Carolyn and Michael Mattios in front of their New Orleans home.
A room in a crime-infested motel became the family's "temporary" home. But the stay they hoped would be for only a few days stretched into months, as New Orleans' recovery efforts were overwhelmed by the devastation.
A dishwasher, whose job was washed away by Hurricane Katrina, Michael would sneak back into the barricaded city, camping out in the wreckage of his house to keep looters away.
Carolyn remained at the motel, struggling to keep her family together and her sons in school. The family's predicament grew desperate until one day she was interviewed by a reporter from "All Things Considered," a National Public Radio show.
Asked how she was doing, Carolyn didn't hold back. Insurance money was slow in coming and meager when it arrived. The contractors they hired to fix their house did shoddy work. She doubted they would ever be able to go home.
Thousands of miles away in Bakersfield, Jack Hendrix, a retired East Bakersfield High School counselor and part-time home repairman, listened to Carolyn's sad story. He decided to help.
"We were so surprised," said Carolyn during a recent interview in New Orleans. "After the show, people started sending money. It wasn't a lot of money -- $20 here and there. But it really helped."
"We got more help from people -- perfect strangers -- than we got from the government. We were touched by God. They didn't know us from the man on the moon, but they opened up their hearts and sent us their hard-earned money. They were the heroes," said Michael.
"But Jack was the only one that showed up to help. He pretty much finished fixing up our house," said Michael, 74, who now is retired. Carolyn just turned 62 and is receiving disability retirement. Their two sons are now attending college. The family keeps in touch with Jack, whom they call their friend.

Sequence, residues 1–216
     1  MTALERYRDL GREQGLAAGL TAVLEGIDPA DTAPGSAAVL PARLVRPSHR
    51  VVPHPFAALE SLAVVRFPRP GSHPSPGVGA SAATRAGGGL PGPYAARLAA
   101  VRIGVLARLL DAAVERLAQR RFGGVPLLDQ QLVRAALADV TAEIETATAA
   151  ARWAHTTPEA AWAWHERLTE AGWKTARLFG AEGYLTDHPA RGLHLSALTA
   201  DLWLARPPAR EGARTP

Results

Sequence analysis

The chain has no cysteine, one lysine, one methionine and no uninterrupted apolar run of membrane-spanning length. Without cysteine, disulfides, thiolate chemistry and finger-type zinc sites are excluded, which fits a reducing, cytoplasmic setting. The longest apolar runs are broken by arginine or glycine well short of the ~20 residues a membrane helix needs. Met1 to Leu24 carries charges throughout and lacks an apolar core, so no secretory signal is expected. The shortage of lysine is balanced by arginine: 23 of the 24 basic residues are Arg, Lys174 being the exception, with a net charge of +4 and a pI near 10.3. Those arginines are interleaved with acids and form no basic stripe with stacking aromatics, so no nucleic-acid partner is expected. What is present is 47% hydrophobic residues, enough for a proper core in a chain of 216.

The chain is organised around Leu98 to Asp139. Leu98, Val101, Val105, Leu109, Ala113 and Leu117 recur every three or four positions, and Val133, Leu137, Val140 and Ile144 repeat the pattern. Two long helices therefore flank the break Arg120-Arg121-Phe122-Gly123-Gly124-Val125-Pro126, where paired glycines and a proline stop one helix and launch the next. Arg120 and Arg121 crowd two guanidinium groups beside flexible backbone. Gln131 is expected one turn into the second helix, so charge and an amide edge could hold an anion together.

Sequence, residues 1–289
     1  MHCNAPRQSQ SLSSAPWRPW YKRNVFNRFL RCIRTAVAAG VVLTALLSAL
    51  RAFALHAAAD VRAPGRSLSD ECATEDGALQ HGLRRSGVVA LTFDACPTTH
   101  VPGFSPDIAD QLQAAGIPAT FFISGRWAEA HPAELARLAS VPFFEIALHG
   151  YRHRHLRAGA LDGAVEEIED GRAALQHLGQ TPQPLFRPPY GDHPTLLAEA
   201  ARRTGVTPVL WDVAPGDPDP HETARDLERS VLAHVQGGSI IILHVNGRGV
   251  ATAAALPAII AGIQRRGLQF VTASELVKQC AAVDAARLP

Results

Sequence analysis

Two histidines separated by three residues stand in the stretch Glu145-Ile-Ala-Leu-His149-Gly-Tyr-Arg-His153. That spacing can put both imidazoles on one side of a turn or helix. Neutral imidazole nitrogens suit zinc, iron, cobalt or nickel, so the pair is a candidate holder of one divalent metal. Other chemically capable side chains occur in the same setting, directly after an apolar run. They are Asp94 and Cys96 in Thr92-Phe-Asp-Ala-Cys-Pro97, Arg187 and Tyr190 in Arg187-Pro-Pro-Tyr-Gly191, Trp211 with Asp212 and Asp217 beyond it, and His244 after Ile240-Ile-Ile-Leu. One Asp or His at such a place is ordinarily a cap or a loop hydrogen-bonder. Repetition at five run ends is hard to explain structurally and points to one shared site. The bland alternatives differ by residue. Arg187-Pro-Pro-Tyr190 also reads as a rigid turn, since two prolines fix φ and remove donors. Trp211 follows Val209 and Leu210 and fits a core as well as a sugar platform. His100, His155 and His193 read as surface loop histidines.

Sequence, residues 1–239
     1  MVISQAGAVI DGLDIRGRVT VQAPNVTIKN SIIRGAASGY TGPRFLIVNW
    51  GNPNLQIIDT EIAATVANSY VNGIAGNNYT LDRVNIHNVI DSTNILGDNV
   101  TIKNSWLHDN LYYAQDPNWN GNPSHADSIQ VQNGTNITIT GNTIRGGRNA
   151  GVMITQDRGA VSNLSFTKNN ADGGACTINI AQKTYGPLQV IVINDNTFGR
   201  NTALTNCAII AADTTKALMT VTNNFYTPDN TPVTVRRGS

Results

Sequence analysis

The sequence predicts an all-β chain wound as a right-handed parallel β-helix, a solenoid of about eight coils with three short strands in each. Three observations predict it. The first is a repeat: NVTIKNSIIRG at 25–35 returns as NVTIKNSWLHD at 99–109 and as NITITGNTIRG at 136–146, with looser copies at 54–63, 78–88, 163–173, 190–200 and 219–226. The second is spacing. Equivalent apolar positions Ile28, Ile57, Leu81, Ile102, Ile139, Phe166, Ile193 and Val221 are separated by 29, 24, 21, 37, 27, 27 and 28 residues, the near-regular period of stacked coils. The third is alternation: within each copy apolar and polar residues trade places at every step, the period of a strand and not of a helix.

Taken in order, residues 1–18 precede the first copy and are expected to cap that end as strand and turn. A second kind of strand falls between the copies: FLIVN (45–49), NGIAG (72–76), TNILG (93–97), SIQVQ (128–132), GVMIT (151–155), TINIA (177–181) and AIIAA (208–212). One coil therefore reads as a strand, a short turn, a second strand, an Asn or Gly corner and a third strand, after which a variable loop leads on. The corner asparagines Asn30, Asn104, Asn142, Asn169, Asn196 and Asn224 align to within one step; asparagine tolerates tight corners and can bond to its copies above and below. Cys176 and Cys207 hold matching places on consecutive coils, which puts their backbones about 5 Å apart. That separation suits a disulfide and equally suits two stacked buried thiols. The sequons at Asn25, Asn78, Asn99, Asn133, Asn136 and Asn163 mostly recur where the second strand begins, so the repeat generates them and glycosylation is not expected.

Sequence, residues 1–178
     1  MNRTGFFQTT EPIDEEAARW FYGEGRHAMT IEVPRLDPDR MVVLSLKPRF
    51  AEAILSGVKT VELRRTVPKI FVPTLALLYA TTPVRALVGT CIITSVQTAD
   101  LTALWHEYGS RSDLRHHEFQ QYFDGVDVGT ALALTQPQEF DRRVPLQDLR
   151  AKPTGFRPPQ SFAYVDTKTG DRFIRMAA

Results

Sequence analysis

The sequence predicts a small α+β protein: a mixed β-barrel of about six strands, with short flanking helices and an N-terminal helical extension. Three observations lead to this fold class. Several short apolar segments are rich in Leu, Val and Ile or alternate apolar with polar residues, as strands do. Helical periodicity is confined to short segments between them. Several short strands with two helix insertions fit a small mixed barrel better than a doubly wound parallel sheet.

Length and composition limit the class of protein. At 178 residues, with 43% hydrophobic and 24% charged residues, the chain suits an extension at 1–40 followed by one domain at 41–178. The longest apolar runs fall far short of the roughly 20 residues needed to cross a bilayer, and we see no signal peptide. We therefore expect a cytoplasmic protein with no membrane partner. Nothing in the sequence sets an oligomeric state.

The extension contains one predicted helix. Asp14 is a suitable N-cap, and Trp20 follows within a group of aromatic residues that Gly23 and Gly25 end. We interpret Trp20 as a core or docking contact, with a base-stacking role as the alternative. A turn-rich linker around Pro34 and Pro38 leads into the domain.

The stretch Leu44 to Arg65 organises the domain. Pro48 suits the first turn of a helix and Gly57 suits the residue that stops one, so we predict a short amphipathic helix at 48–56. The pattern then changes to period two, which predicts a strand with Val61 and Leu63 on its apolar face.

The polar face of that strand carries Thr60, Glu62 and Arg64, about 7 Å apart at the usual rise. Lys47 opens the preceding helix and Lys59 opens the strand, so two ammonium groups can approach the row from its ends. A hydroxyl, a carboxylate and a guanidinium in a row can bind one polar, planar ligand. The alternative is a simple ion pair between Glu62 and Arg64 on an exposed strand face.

"They are such sweet people," Hendrix said.
Pulling away from the Mattios' home, I waved to workers from Samaritan Purse Disaster Relief who were repairing a house. But mostly the neighborhood was quiet. The families that once made Deers Street a lively community were gone, likely not to come back. There were no children playing in the streets or behind the fences that lined yards.
On the top step of a porch of a nearby house sat Joan Lewis. Before Katrina, she worked for the telephone company. She's retired now. She returned to the wreckage of her home and fixed it up. It's freshly painted. The lawn that stretches to the street is manicured. But the buildings on both sides are abandoned, boarded up and marked with the all-too-common spray painted warnings of the Katrina rescue crews.
"Does that bother you?" I asked her, getting out of my car to chat.
"Yes, it's forever reminding me," she said. "It reminds me of the power of God. But he didn't do this to be hateful. It also reminds me of the goodness of people; all those people who came to help.
"Now it's time to move forward."
This July 10, 2010 article written by Dianne Hardisty is one in a series that was printed in The Bakersfield Californian about the results of Bakersfield volunteer projects to help rebuild the Gulf Coast after Hurricane Katrina hit in 2005. Dianne Hardisty and her husband, John Hardisty, traveled to New Orleans and the Gulf Coast in April 2010 to report on progress.